dad and daughter

 

By Ty H. Phillips

 

“I don’t like you anymore,” she says, her lip quivering.

“You’re not my daddy.” I look down at her blue eyes and the pain of her comments feels like a boot heel to the gut. I am caught reeling. Tears fill my eyes as I see her fighting back the tears in hers.

Going back to work was a hard decision. For the vast majority of the past four years, I was a stay at home parent. My daughter and I were largely inseparable and the long hours I now spend at work seem to have created more than a little rift.

I squat down so that we are eye to eye and take her little hands. She pulls away and fidgets, already wanting the conversation to be over with.

“You left me,” she says and she cannot fight her tears anymore. They spill down her cheeks in a river of confusion and hurt. I am left speechless and wishing I could make her understand. “Daddy has to work sweetie. I don’t want to, but this is how we buy food and toys and do fun things like Chuck E Cheese and the Kiddie Park.”

“NO!” Her only reply is a rejection of what I am trying to explain.

“Daddy will always come back home. I will never ever leave you but I still need to go to work so that we can survive and eat and play.” She clams up and starts playing with toys that are within reach, anything to distract her from how she is feeling.

I thought that she would eventually come around, that her pain would lessen and that she and I would be the best of friends and the closest of thieves once more. It’s been three months and she has not let me back in. In fact, she has become more resistant. Her demands of me become more strict as the days march forward; no cuddles, no hugs, no picking her up, no tickling, no teasing and no more putting her to bed.

I continue to interact as she allows, all the while reinforcing how much I love her, how much I miss her, how I will always be here for her and I do my best to maintain my presence, always positive, always uplifting and always around. I try to instill in her that no matter what, Daddy is here, Daddy loves her and no matter how upset she is, that she sees me always trying, maintaining, and persisting.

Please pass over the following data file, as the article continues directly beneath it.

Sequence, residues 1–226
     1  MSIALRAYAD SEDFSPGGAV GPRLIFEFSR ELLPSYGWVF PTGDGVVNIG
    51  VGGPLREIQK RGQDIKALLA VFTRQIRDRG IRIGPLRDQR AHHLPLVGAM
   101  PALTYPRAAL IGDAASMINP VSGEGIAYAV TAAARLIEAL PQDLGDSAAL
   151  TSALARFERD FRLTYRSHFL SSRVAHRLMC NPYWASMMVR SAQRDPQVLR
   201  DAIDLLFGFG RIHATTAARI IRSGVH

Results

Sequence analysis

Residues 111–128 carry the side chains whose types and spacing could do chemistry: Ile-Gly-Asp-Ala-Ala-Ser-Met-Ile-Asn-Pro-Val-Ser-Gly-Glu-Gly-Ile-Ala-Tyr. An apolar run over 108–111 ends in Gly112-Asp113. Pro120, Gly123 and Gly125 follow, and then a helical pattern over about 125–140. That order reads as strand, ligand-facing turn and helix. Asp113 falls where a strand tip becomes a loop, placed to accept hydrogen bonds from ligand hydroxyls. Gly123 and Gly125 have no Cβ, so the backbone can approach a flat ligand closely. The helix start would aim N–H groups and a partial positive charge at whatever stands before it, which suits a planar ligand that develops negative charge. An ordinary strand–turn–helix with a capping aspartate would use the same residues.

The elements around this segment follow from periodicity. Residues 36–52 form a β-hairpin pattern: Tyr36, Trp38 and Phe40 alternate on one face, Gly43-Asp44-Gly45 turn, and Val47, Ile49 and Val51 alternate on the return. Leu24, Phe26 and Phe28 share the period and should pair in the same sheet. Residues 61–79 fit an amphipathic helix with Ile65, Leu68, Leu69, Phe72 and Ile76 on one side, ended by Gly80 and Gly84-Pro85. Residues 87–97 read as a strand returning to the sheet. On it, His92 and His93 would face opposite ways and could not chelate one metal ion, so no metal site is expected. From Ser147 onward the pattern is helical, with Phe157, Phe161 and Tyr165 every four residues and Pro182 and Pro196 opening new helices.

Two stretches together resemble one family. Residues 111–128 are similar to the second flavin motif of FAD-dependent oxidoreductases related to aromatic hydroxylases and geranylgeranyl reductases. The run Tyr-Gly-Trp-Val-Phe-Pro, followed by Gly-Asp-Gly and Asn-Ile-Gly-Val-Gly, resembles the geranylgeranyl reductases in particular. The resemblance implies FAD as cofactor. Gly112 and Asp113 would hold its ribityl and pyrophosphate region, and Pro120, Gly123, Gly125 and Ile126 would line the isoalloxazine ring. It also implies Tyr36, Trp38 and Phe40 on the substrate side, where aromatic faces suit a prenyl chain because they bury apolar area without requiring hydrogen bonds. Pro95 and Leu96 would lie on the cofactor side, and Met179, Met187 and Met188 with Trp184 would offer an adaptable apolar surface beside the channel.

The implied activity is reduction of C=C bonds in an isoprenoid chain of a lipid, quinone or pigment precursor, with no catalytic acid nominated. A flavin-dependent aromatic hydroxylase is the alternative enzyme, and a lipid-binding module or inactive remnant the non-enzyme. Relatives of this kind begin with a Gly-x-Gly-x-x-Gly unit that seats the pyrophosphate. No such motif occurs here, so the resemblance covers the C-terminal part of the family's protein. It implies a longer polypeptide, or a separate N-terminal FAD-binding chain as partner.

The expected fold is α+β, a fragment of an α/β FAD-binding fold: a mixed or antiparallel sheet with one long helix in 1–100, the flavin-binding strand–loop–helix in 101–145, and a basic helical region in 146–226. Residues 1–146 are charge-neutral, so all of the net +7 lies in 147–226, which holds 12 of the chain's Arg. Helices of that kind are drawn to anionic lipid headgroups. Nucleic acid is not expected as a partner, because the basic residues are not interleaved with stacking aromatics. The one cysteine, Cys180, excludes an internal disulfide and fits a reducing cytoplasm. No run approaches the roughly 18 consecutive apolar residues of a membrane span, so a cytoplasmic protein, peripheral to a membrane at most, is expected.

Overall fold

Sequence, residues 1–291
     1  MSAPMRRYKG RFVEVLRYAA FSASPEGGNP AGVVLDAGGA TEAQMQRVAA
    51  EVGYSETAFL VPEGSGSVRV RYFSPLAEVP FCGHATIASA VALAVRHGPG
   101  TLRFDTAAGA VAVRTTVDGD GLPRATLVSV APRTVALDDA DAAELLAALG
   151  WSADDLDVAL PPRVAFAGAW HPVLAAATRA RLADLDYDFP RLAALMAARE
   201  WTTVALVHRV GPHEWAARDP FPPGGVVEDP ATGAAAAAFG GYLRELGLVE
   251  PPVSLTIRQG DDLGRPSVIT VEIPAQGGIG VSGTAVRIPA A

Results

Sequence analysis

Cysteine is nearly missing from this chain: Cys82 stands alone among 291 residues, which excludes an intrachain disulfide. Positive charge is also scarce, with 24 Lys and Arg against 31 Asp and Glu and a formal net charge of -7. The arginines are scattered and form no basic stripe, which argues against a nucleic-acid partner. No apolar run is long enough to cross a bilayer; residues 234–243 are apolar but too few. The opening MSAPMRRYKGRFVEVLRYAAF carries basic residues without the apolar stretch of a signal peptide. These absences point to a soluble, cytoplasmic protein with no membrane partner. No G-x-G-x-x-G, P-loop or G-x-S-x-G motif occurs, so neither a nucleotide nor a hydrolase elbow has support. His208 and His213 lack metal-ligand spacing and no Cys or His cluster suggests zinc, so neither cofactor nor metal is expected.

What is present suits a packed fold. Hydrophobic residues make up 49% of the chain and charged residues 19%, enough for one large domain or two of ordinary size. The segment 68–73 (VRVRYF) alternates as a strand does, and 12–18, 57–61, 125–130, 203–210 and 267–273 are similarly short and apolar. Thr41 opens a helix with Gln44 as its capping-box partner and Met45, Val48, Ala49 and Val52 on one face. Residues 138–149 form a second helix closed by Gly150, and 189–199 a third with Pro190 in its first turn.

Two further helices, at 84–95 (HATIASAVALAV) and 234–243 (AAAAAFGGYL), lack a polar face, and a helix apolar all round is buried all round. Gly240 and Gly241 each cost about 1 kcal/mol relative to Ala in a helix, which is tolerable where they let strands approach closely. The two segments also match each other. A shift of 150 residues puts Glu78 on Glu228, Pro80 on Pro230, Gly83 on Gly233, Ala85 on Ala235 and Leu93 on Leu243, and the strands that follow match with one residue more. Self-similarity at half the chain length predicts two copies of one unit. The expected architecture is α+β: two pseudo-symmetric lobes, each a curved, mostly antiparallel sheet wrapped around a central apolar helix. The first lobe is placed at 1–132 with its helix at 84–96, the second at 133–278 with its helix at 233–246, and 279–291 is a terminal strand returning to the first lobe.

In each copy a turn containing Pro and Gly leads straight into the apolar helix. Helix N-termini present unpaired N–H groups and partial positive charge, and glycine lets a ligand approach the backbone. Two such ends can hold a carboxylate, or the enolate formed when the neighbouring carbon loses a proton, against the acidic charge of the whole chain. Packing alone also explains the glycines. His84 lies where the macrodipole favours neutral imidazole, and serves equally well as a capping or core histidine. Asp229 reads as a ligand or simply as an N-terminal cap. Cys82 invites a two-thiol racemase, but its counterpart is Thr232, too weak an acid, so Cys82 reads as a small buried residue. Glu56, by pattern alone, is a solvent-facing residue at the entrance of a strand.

I go downstairs once she is in bed, heave a sigh that seems to weigh a thousand pounds and I fight back the tears that mourn for our once seemingly unbreakable relationship.

I breathe in and I breathe out and I feel my chest tighten as I fight against the pain I feel and the pain she is feeling.

I learned some time ago that meditation is not about avoiding how we feel but sitting with it. Allowing ourselves to fully understand without judgment, fighting, or grasping but this pain, but this feeling that I have somehow betrayed her, hurt her, bent her sense of security in our relationship isn’t as easy to sit with as other things I have faced.

In fact, this has thrown me for a loop—a sense of backsliding if you will. I have started to avoid my practice. I have started to look for the closest toy to distract myself with, not knowing how to fix or heal what she and I are feeling.

I admit that I am lost and hurting, depressed and fearful that I have created a rift that might not heal.

I get home from work, not knowing exactly what to do. She looks at me and I smile, her face crinkles up as she pouts at me. “I love you, Sugarbear!” I reinforce how I feel and what I have called her from the day she was born. I plop down on the floor and start playing with her toys, talking to them like they were my best friends. With a side glance I see her watching.

“ZOOOOOOM!” I take her Paw Patrol toy and pretend it’s flying. “Daddy! You’re doing it wrong!” She hops down on the floor and grabs it, sitting down next to me. “This is Sky, Daddy, she goes like this…” She proceeds to show me the proper way to play and as the minutes tick by all of her toys are around me and we are playing together.

She still doesn’t want me to put her to bed, but I see a glimmer in her eye. She tells me good night and blows me a kiss.

It’s not what it was but I know that like most things, with persistence, patience and love I will be able to reestablish what was lost. The little smiles, the little laughs, the little lingering touches that let me know she still wants Daddy to hold her. I sit in my room with the sting of earlier rejection still fresh, but not as painful.

I breathe in and feel a sense of hope—a sense that these small moments will still add up into an amazing story.

 

Photo: (source)

Editor: Dana Gornall

Comments

comments

Ty Phillips

Ty Phillips is the co-founder and director of The Tattooed Buddha. A former big city bouncer, now pacifist Buddhist minister, and writer he spends his time counseling youth and hard to reach adults in peaceful and engaged means. Using his past as an example, he is able to engage those who would otherwise probably not seek out and relate to dharma teachers. Ty is a contributing author for The Good Men Project, Rebelle, BeliefNet, Patheos and The Petoskey News. He is a long term Buddhist and a lineage holder, as well as a father to three amazing girls and a tiny dog named Fuzz. You can see his writing at The Good Men Project, BeliefNet, Rebelle Society.
(Visited 136 times, 1 visits today)